First comes love, then comes changes
Originally published on 12-1-13
What was Thanksgiving Day like for you? Did you have to deal with your Grandma kissing you and leaving a little extra saliva on your cheek? Did you have to help your mom get everything together? Why don’t your brothers ever help? Did you eat the exact same menu that you’ve been eating for decades? Womp womp. Where’s the adventure, people? Doesn’t anyone know there’s a whole culinary world out there? Are there still kids in your family that are so picky about what they eat that boxed macaroni and cheese MUST remain on the menu? Did your uncles stay late, unbutton the top button of their jeans and watch football while you washed the dishes?
You’ve got 24 days before you’ll bravely venture into familyland again. The train is gaining speed and Christmas is quickly approaching! Choo choo! Hopefully your friend will invite you over to her house and you won’t have to endure your family for the 30th year in a row. Snore. Or better yet, maybe you will come to your senses, and appreciate all the sweet bits of ordinary joy that family gatherings bring.
After 29 straight years of celebrating the Thanksgiving holiday in my hometown, I spent it away from home. Like sands through the hour glass, these are the days of our lives. Thanks, One Life to Live. Never knew you’d ever be useful.
I’m married now. Did you know that? Two days ago was our three month anniversary! Don’t worry I’ll be sure to remind Guapo that a romantic dinner is in order. First comes love, then comes marriage and then comes the division of holidays.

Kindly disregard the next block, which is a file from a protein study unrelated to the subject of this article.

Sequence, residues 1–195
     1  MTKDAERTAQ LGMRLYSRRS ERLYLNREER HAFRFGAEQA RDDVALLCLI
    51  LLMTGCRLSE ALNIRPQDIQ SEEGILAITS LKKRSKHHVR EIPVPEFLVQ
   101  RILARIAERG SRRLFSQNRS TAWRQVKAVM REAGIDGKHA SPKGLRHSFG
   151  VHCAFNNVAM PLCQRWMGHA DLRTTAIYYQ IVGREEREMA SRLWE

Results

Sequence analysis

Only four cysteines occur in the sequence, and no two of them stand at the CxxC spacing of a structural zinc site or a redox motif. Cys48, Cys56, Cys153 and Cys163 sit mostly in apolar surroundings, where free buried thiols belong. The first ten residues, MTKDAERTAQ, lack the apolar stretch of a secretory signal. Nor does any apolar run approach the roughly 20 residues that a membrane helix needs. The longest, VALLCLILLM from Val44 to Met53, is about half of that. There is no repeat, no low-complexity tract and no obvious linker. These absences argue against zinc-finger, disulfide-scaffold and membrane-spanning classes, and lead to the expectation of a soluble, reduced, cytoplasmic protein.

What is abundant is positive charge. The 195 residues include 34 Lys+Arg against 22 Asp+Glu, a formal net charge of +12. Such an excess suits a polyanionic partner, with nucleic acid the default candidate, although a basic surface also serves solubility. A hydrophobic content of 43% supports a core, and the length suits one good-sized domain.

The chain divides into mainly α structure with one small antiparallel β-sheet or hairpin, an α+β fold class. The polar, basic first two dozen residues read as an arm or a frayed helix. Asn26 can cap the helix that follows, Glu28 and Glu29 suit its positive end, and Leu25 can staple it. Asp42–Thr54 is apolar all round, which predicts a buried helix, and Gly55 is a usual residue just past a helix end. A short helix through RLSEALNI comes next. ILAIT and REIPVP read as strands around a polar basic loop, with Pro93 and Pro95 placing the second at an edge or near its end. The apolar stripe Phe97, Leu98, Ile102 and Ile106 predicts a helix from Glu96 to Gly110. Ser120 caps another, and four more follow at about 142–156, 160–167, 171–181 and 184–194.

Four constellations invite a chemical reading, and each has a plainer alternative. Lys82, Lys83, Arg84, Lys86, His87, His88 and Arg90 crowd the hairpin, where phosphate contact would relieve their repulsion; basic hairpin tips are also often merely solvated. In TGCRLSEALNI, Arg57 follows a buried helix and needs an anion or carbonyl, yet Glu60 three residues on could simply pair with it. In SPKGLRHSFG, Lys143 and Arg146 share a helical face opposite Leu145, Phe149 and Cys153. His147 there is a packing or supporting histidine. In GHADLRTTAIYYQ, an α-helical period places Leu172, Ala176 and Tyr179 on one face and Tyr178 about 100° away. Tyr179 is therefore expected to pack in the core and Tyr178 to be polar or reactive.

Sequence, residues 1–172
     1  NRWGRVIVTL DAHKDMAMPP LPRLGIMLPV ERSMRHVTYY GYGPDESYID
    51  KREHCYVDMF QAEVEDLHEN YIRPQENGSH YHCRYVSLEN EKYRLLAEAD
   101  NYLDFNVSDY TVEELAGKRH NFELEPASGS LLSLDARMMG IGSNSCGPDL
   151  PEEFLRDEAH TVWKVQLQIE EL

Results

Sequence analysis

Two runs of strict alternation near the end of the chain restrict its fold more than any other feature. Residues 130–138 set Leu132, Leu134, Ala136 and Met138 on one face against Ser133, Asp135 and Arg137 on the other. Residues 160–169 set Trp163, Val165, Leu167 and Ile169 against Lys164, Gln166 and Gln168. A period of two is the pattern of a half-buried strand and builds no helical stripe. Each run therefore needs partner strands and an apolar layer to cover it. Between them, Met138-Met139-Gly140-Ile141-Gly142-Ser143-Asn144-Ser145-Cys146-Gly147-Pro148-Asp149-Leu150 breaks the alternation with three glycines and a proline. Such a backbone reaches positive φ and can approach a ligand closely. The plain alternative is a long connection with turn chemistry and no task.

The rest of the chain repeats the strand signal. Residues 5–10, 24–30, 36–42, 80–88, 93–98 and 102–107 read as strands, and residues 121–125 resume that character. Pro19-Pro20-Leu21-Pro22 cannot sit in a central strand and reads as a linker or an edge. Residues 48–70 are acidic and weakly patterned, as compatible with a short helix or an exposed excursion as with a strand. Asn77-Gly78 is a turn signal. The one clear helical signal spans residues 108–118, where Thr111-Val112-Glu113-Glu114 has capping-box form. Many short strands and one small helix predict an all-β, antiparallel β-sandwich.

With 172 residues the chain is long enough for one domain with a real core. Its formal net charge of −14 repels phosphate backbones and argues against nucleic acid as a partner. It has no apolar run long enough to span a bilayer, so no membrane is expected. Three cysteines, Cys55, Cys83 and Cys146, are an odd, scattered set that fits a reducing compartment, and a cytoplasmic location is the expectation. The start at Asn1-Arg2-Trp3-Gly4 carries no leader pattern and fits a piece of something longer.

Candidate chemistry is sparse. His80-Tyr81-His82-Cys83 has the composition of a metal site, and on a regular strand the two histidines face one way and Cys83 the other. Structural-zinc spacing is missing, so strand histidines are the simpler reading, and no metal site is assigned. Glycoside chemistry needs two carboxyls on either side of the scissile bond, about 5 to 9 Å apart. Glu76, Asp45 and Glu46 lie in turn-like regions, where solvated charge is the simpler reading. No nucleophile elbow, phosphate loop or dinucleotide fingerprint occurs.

We decided to spend this Thanksgiving in Austin and we had a beautiful day. We enjoyed a delicious lunch lovingly prepared in part by Whole Foods. Hello, can I get my non GMO turkey with gluten free, soy free, stuffing? And don’t forget the dairy free, soy free, fat free corn bread. I’d like to pick it up at 1pm. What’s that, I’ll have to pre-heat it for 20 minutes? Fine, I guess I can swing that. We enjoyed a long delightful lunch with family and close friends (I brought the Whole Foods and they prepared all the good stuff, praise Jesus for pumpkin pie and Cool Whip) and then we headed to the evening UT football game. It was rather cool, so we bundled up and cheered the Horns on to victory. It was a perfectly entertaining day.
Around 6pm, something in me switched and I was all of sudden not in the best of moods. I was short and irritated. What had happened? I needed to wag my moody finger in someone or something’s direction. The scavenger hunt began. Guapo was acting funny. Yeah, that’s it! Guapo is acting funny. Nope. Ok, next corner. Maybe the weather was the culprit. I’m freezing and uncomfortable. Yes, that’s got to be it! After a quick check, I was cold, but overall fine. Nope. Try again. I’m hungry and there are no more corn dogs left in the entire stadium! How can corn dogs be 86ed at a college football game? Who does the inventory around here?! I muscled through the game and swayed back and forth when the band played a fun song, but I was feeling crumby and I was having a hard time shaking it. What’s that? It’s written all over my face? Piss.
When we got home and took off our cold weather boots Guapo looked at me and said, I think you’re sad you’re not home. The wheels in my head started to turn but I remained quiet.